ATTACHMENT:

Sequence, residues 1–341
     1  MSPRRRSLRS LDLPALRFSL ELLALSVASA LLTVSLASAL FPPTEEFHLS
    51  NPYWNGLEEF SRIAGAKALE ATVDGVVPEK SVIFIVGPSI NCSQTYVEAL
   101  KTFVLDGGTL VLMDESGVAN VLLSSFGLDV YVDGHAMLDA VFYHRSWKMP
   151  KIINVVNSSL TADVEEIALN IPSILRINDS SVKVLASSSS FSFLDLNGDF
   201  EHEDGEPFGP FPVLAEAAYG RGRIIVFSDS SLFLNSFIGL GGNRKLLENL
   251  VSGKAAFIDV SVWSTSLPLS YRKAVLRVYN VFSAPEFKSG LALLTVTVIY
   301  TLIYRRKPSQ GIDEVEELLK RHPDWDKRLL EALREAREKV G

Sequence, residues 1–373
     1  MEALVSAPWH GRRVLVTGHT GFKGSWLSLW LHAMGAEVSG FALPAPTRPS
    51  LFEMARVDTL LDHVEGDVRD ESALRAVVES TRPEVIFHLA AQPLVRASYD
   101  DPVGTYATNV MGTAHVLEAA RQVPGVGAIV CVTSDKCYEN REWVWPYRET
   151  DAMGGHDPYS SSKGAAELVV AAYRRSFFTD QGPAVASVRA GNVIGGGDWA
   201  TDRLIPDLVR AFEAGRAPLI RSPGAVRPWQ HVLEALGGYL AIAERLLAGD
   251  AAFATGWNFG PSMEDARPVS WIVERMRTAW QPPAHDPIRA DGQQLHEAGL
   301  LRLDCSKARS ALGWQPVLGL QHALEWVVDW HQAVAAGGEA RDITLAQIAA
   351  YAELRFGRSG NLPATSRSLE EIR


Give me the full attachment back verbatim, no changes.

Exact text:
Sequence, residues 1–341
     1  MSPRRRSLRS LDLPALRFSL ELLALSVASA LLTVSLASAL FPPTEEFHLS
    51  NPYWNGLEEF SRIAGAKALE ATVDGVVPEK SVIFIVGPSI NCSQTYVEAL
   101  KTFVLDGGTL VLMDESGVAN VLLSSFGLDV YVDGHAMLDA VFYHRSWKMP
   151  KIINVVNSSL TADVEEIALN IPSILRINDS SVKVLASSSS FSFLDLNGDF
   201  EHEDGEPFGP FPVLAEAAYG RGRIIVFSDS SLFLNSFIGL GGNRKLLENL
   251  VSGKAAFIDV SVWSTSLPLS YRKAVLRVYN VFSAPEFKSG LALLTVTVIY
   301  TLIYRRKPSQ GIDEVEELLK RHPDWDKRLL EALREAREKV G

Sequence, residues 1–373
     1  MEALVSAPWH GRRVLVTGHT GFKGSWLSLW LHAMGAEVSG FALPAPTRPS
    51  LFEMARVDTL LDHVEGDVRD ESALRAVVES TRPEVIFHLA AQPLVRASYD
   101  DPVGTYATNV MGTAHVLEAA RQVPGVGAIV CVTSDKCYEN REWVWPYRET
   151  DAMGGHDPYS SSKGAAELVV AAYRRSFFTD QGPAVASVRA GNVIGGGDWA
   201  TDRLIPDLVR AFEAGRAPLI RSPGAVRPWQ HVLEALGGYL AIAERLLAGD
   251  AAFATGWNFG PSMEDARPVS WIVERMRTAW QPPAHDPIRA DGQQLHEAGL
   301  LRLDCSKARS ALGWQPVLGL QHALEWVVDW HQAVAAGGEA RDITLAQIAA
   351  YAELRFGRSG NLPATSRSLE EIR